Many of the runners respond. “You got people stopping and hugging me — I mean, complete strangers hugging me and high-fiving me. It’s just a really good feeling.”
For Raborn, Marathon Weekend offers a salve for his grief, a “kind of therapy,” he says. It also makes him feel closer to Jake.
“I just feel like I’m going back home a little bit. You know, maybe he’s there, maybe he’s in the halls of St. Jude (or) on the Marathon course watching over me.”
Safe havens and old friends
At the Marathon Expo at the Memphis Cook Convention Center, T-shirts from a projected 100 or more patient family running teams are a sign of the vast support that loved ones muster around St. Jude patients.
And runners can get armbands — purple for bereaved family members and gold signifying current patients or those who are cured or in remission — to wear during the race.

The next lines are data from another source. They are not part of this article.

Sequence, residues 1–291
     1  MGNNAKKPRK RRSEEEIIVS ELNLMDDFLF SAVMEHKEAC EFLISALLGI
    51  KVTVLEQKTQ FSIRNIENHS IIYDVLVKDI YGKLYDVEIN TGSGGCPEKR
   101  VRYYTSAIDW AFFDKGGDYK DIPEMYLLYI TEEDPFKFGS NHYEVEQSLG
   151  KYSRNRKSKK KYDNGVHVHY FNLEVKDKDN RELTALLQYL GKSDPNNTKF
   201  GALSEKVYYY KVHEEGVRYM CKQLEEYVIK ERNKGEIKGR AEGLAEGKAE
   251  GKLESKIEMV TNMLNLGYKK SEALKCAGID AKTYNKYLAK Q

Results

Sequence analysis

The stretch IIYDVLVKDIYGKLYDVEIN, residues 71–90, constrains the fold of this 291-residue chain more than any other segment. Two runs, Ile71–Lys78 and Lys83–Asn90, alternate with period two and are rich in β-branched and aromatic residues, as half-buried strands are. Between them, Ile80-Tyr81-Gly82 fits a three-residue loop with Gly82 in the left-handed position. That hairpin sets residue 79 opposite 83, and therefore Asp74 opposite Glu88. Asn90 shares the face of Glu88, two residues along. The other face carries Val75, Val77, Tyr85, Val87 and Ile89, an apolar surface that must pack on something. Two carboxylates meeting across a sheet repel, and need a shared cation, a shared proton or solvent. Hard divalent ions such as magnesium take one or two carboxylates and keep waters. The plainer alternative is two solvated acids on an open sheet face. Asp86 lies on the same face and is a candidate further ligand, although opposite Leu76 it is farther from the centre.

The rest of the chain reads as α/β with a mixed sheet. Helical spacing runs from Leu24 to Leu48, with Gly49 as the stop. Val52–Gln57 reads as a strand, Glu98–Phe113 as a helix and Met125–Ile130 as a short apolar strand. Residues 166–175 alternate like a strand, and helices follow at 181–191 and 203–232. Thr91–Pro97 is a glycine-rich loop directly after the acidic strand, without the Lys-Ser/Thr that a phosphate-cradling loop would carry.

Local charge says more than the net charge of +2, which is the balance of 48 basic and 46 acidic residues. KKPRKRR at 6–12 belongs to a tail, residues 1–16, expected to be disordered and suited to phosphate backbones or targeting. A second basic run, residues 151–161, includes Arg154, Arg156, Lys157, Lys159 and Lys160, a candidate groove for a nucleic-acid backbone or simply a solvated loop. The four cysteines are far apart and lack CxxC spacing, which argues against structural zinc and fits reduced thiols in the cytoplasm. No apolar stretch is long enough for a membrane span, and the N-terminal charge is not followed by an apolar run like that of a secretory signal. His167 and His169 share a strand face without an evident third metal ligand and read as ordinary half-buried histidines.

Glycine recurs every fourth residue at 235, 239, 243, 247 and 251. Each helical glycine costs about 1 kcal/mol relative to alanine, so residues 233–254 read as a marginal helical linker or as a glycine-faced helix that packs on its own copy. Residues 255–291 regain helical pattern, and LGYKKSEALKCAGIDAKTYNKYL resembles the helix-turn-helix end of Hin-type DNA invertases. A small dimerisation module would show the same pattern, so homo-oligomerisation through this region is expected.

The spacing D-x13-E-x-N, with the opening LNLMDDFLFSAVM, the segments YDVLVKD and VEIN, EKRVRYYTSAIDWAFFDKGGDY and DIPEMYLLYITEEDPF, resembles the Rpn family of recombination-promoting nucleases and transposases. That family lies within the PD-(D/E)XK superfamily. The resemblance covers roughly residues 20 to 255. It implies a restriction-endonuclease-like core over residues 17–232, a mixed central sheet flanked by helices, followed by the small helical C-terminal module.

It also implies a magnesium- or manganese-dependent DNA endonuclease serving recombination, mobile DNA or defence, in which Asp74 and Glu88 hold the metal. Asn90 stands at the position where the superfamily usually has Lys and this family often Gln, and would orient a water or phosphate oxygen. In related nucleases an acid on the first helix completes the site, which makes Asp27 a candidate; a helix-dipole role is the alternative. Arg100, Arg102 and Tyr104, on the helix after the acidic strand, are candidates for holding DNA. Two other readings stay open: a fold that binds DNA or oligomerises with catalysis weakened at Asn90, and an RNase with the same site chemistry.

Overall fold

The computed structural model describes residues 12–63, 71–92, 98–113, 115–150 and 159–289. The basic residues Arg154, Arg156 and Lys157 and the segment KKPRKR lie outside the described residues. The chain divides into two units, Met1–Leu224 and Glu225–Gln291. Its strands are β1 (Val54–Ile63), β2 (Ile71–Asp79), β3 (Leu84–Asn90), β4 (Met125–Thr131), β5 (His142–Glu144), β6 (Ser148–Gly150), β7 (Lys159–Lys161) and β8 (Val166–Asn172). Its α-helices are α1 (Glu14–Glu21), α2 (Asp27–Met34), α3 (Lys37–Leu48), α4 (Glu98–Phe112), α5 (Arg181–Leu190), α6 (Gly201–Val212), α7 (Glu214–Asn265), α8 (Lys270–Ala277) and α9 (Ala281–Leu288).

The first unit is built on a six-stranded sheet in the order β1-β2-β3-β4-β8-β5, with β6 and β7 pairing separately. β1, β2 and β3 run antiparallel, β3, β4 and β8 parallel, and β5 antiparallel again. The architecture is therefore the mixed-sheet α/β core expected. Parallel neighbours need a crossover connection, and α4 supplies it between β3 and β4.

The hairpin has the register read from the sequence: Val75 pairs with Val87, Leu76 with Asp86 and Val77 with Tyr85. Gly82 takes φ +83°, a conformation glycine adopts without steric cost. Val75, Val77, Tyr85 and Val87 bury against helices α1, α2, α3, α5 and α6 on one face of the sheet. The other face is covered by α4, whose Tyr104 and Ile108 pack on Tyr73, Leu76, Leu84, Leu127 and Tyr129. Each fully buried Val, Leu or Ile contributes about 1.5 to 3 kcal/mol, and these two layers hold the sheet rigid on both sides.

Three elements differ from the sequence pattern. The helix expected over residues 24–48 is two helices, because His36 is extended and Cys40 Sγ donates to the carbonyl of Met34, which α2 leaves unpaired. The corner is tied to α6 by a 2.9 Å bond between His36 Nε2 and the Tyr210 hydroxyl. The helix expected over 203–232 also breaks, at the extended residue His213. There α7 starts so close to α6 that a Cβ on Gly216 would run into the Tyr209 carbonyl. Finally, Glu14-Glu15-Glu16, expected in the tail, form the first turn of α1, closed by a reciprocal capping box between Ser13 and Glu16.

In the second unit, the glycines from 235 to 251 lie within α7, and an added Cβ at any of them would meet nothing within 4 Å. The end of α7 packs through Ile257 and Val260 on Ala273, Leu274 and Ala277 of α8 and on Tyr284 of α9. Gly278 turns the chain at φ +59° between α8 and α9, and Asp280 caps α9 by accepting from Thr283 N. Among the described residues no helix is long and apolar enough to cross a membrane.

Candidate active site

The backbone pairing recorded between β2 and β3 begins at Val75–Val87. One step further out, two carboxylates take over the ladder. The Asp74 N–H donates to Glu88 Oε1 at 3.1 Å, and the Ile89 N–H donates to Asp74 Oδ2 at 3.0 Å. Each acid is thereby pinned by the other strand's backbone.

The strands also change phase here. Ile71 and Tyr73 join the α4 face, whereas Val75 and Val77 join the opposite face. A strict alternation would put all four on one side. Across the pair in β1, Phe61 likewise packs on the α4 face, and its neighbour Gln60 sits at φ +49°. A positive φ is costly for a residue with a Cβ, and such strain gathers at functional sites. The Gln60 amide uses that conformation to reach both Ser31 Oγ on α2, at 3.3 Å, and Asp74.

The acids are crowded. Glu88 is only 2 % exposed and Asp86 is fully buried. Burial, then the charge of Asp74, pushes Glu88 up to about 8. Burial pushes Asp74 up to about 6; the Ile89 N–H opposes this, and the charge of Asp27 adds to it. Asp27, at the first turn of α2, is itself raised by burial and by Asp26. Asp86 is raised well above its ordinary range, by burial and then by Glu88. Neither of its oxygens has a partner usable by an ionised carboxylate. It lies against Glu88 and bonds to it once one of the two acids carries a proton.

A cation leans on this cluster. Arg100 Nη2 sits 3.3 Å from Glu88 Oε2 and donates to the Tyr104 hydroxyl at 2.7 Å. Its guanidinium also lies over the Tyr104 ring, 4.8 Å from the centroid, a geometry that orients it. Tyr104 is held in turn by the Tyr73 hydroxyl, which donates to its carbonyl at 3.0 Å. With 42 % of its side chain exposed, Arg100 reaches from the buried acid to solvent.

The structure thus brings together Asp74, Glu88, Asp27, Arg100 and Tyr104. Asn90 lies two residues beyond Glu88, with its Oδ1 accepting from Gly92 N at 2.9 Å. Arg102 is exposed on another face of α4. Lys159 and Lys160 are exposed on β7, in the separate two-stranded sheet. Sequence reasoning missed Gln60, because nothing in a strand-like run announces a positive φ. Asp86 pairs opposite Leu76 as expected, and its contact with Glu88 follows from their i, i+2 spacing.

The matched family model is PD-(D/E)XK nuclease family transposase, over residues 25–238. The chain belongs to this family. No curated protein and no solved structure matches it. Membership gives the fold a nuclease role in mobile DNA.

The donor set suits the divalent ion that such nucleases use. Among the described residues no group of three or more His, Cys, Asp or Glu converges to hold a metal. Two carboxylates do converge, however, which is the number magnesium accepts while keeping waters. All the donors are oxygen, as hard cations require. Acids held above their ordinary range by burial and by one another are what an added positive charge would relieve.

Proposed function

On the day before the race, about 600 runners who include former patients and family members will travel from the expo to St. Jude to tour the hospital.
To Paula Head, a senior philanthropic advisor who works with patient families for ALSAC, the fundraising and awareness organization for St. Jude, there’s no mystery as to why patient families continue to support the hospital after their children are cured, or even after they’ve passed away.
“They just want to stay connected in the mission,” says Head, a bereaved mother herself. “They don’t want any other family to have to be on the journey that they’ve already gone through.”
Physicians who work at St. Jude know all about the bond between patients and the hospital. Dr. Michael Neel, consulting physician in the Department of Surgery, says it’s “just seeing old friends who were there with you in the trenches” that makes patient families stay connected. As he has several times in the past, Neel plans to walk the 5K backwards this year alongside former patients.